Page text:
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DanceSafe.org : Raves and Club Drugs in the News : US LA: Editorial: Raving Lunacy
Pubdate: Sat, 25 Aug 2001
Source: Times-Picayune, The (LA)
Copyright: 2001 The Times-Picayune
Contact: letters@timespicayune.com
Website: http://www.timespicayune.com/
Fax: (504) 826-3369


The prosecution of local rave promoters under a federal "crack house" law was ill-conceived from the start -- so much so that, two months after a plea bargain was supposed to end the case, the whole matter is still tangled up in court. 

After complaints about rampant use of ecstasy and other drugs at all-night raves at the State Palace Theater in New Orleans, a grand jury indicted theater manager Robert Brunet, his brother Brian and rave promoter Donnie Estopinal in January on charges of maintaining a building for the purposes of drug sales. 

The prosecutors' case was never strong.  Nevertheless, a company run by Robert Brunet pleaded guilty in June and agreed to pay a $100,000 fine.  ( Charges against the three men themselves were dropped.  ) In the plea bargain, the company also agreed to ban glow sticks, pacifiers and other rave-related items from future events at the State Palace Theater. 

Now some rave fans say that ban is keeping them from expressing themselves at raves.  The American Civil Liberties Union filed suit this week to lift the ban on glow sticks and pacifiers.  And on Thursday, U.S.  District Judge G.  Thomas Porteous issued a preliminary injunction that blocks enforcement of that provision. 

Granted, it's peculiar that an outside party is trying to involve itself in a plea bargain that has been accepted by prosecutors, defendants and a federal court.  And it's not clear why people who run a party in a privately owned building can't ban glow sticks if they want to -- or if federal prosecutors browbeat them into doing so. 

But there was no good reason to include the ban on glow sticks in the Brunets' plea bargain in the first place.  It won't keep anyone from using ecstasy or other so-called club drugs, any more than a ban on tie-dyed clothes and Grateful Dead records would keep anyone from smoking marijuana.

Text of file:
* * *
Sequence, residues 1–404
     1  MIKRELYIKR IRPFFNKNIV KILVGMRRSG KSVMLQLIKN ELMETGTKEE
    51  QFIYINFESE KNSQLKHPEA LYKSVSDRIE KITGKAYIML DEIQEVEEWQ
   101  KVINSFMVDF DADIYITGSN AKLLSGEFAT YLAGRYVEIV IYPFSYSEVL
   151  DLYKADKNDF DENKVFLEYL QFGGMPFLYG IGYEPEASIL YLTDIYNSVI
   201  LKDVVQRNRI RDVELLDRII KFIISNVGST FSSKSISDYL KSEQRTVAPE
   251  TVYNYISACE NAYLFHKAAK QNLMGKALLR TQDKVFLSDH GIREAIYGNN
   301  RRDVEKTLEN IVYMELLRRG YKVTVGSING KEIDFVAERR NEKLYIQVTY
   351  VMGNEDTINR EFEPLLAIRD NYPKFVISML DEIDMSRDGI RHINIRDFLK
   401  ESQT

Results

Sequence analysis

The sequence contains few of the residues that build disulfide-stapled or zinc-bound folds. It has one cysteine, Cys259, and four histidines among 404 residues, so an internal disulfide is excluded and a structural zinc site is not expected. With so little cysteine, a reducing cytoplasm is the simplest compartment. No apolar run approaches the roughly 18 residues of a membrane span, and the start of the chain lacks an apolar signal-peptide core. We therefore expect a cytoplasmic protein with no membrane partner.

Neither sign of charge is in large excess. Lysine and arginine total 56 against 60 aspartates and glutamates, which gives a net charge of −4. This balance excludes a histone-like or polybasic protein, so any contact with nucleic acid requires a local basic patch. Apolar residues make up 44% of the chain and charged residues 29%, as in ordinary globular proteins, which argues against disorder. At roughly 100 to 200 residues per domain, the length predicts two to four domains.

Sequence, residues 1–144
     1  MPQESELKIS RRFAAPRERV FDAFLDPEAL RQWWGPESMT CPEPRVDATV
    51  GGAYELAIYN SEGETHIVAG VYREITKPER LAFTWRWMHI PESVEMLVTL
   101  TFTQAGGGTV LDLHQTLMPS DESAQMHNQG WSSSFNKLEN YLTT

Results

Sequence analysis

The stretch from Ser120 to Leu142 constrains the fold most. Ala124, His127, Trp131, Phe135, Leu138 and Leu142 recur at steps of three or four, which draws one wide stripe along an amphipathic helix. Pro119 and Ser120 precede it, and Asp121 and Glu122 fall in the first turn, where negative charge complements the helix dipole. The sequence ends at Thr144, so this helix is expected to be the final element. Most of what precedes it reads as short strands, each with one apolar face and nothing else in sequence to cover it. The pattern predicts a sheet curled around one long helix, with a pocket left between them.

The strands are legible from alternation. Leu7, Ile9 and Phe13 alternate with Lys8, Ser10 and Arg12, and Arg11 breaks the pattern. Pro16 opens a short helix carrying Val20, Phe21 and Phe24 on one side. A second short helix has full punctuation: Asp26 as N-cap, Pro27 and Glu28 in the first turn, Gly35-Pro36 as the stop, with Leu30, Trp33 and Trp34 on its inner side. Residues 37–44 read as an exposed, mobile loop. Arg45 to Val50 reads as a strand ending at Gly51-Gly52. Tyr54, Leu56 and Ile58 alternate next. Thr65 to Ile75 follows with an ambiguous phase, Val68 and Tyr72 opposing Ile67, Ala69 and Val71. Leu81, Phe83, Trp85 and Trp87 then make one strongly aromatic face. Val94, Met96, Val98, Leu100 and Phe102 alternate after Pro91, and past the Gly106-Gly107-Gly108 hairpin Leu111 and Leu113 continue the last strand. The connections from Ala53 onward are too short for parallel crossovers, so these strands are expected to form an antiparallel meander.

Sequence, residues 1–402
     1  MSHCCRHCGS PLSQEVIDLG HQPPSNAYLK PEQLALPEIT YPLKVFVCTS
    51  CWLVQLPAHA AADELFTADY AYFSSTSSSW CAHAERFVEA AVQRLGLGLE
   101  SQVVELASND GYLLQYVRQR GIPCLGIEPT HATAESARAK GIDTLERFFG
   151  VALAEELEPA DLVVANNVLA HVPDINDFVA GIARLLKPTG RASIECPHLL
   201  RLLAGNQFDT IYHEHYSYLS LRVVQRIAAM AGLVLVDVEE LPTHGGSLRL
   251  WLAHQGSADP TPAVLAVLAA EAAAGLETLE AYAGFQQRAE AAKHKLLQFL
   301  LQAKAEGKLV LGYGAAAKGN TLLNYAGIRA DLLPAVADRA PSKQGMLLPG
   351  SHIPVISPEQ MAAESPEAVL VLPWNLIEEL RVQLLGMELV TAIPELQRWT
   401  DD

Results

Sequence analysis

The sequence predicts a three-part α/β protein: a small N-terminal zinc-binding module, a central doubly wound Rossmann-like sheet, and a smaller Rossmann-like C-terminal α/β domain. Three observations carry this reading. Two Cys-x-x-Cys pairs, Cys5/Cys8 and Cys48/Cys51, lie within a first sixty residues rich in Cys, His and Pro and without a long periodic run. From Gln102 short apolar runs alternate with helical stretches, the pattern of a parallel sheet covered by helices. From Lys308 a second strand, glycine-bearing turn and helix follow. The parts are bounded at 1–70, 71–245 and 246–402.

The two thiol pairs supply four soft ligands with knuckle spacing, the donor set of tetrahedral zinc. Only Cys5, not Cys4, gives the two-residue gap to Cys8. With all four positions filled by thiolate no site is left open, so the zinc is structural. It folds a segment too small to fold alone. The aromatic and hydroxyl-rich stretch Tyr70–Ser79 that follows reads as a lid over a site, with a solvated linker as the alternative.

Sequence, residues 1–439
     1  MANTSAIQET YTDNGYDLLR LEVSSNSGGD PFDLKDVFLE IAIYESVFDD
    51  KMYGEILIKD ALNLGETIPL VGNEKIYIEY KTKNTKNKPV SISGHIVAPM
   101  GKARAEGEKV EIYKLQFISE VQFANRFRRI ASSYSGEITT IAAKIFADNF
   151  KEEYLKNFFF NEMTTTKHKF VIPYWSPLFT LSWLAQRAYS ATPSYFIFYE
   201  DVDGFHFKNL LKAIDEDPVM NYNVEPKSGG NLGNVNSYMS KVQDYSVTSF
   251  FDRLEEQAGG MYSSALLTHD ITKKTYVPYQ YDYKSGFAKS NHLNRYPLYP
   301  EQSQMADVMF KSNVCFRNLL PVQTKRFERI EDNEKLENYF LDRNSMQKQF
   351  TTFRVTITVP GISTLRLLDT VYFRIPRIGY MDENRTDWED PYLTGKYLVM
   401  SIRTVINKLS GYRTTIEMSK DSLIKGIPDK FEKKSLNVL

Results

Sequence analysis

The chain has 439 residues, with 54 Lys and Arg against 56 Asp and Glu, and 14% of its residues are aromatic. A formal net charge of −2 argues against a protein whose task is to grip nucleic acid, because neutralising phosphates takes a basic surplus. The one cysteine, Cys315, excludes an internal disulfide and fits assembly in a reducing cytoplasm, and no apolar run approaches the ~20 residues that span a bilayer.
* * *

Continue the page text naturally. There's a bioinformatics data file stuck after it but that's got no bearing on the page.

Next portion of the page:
The U.S.  attorney's office must decide whether to appeal the decision, but the ban on glow sticks is not worth fighting for. 

From a humanitarian perspective alone, rave promoters should try to make sure that their customers don't get hurt by abusing illegal drugs. 

But the plea agreement in the State Palace case wouldn't prevent such abuse.  It was a declaration of war on the trap-pings of rave culture, but it was unlikely to cause any appreciable improvement in the well-being of ravegoers. 

Before Judge Porteous on Thursday, prosecutors made arguments that they themselves must have recognized as silly.  While Assistant U.S.  Attorney John Murphy allowed that glow sticks and pacifiers are not drug paraphernalia, he also insisted that they help enhance the high caused by ecstasy. 

Truth is, though, anything that is visible and has a smell, taste, sound or texture -- which is to say, any object at all -- can cause a sensory rush of some sort.  Why single out glow sticks?

The June plea bargain was a convenient way out of the case for everyone involved.  The Brunet brothers escaped going to jail.  Prosecutors got to claim victory in their efforts to fight drugs at raves. 

But in the end, the deal was little more than feel-good justice.  And its only real consequence is that a bunch of people may end up spending more time in court. 

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